Wichita State is still waiting on resolution from the NCAA on the investigation into impermissible apparel benefits provided by the baseball program, according to a news release from the university on Friday.
“We appreciated being given the full opportunity to present the university’s position related to an unintentional violation in our baseball program that we reported to the NCAA in November 2013,” president John Bardo said in the release. “Committee members listened carefully to our presentation and answers to their questions. I personally was very appreciative of how well prepared the committee was and how familiar members were with our case. We now look forward to receiving the committee’s ruling.”
Bardo, athletic director Eric Sexton and baseball coach Todd Butler and others traveled to NCAA headquarters in Indianapolis on Thursday for a hearing. Former baseball coach Gene Stephenson, who traveled separately, also attended.
Sexton declined to comment on Friday morning, saying “the NCAA takes its confidentiality agreements seriously.” Stephenson also declined to comment.
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“In keeping with the specific instructions of the Committee on Infractions, Wichita State will not comment further until receiving the committee’s ruling,” Bardo said in the news release.
When that ruling, and perhaps additional penalties, will come down is unknown.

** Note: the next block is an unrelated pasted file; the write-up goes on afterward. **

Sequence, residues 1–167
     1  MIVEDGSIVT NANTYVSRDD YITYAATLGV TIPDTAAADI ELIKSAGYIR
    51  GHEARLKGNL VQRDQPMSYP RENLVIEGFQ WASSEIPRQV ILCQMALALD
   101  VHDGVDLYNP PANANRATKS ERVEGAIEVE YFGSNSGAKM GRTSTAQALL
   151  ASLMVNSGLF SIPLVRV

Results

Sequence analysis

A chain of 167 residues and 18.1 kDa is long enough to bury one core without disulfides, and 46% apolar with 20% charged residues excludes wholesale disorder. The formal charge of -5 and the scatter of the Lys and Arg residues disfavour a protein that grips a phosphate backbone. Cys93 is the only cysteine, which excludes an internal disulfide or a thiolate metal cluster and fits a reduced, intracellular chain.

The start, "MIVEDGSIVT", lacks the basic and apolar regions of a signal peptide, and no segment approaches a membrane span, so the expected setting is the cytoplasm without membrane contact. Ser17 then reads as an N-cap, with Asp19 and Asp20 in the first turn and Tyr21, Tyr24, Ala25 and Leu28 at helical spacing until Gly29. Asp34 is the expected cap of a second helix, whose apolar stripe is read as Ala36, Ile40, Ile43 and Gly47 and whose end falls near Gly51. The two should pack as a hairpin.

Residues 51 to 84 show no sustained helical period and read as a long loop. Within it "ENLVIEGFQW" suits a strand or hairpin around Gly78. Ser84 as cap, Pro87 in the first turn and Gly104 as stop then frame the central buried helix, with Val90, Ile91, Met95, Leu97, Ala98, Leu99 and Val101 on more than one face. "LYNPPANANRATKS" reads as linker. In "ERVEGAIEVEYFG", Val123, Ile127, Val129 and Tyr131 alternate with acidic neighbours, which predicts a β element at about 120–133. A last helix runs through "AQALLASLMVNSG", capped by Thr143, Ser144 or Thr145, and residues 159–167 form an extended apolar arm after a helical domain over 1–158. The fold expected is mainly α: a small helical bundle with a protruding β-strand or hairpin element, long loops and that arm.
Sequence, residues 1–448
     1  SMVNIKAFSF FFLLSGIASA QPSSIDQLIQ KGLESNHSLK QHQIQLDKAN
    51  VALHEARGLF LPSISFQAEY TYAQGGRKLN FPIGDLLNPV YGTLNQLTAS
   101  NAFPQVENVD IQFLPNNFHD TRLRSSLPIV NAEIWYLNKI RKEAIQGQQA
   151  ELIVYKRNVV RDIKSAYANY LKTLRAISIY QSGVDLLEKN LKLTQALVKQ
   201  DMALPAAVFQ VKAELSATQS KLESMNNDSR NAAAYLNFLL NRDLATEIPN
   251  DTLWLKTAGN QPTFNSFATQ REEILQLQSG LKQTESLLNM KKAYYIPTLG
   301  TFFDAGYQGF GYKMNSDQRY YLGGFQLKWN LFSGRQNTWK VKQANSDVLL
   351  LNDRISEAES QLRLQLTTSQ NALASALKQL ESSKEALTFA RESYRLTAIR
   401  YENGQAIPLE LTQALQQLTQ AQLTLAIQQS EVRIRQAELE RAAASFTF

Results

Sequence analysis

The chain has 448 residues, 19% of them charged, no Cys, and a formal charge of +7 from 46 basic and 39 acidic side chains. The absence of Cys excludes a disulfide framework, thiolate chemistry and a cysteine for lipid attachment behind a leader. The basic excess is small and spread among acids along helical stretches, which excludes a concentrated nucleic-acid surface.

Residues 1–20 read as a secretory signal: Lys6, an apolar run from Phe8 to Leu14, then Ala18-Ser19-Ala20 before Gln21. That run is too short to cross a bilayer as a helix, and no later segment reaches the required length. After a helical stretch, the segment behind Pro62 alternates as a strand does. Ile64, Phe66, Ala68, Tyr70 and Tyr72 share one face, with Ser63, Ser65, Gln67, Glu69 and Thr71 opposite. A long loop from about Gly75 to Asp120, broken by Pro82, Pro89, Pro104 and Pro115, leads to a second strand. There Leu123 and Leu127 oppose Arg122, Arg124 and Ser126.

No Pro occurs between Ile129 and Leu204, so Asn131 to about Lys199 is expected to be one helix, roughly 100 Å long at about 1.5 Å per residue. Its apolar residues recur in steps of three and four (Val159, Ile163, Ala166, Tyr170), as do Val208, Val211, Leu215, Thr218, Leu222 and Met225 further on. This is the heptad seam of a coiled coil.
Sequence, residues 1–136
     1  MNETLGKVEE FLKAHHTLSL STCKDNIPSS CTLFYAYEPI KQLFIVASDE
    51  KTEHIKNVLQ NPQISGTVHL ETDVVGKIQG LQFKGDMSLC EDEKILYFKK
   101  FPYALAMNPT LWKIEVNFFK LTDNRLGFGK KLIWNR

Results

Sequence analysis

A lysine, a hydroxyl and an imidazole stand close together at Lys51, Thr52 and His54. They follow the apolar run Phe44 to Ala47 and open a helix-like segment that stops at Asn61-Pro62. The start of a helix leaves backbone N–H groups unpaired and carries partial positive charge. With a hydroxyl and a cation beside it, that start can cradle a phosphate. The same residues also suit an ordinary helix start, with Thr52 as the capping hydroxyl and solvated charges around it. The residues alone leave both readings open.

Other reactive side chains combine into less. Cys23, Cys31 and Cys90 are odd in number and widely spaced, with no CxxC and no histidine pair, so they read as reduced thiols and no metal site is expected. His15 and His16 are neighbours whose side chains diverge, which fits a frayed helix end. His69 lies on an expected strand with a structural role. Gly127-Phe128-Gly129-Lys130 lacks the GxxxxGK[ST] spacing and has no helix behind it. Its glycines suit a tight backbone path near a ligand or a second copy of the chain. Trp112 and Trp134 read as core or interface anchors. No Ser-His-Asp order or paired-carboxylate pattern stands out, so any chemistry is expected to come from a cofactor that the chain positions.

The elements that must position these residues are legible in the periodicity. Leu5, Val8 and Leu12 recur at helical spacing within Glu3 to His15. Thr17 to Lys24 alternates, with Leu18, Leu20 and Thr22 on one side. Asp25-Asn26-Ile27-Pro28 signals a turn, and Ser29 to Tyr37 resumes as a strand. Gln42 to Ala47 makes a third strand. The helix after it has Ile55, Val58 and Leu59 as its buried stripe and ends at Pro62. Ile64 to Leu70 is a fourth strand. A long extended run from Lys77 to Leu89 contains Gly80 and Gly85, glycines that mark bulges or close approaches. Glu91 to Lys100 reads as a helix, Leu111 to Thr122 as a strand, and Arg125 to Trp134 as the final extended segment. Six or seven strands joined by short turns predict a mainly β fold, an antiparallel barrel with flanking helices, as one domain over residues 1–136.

In late September, Sexton said WSU had received a notice of allegations from the NCAA, signaling the end of the investigation part of the process. Sexton said the NCAA found that no person associated with WSU intentionally violated NCAA rules and no athletes were aware that their actions violated rules.
Last November, Butler discovered that his players received discounts, as much as 50 percent, on Under Armour apparel, through an account administered by a former baseball administrative assistant. NCAA rules allow athletes to purchase items related to their sport. Under Armour supplies WSU’s baseball uniforms and other apparel. However, athletes purchased hunting gear and other non-baseball clothing. On Feb. 14, four hours before WSU’s opening game against Southern Illinois-Edwardsville, the NCAA suspended eight players from three to nine games. Eight players who purchased less than $100 worth of clothing paid back the money.
The NCAA reduced WSU’s penalty in half because it self-reported the violations, Sexton said in February. The violations occurred from 2011-13.
The hope of the athletic department is that WSU will avoid further penalties, such as scholarship reductions, because it self-reported the violations and imposed a penalty.
“We fully complied with everything we have been asked to comply with,” Sexton said in September. “We identified that mistakes were made. We took action. We held ourselves accountable.”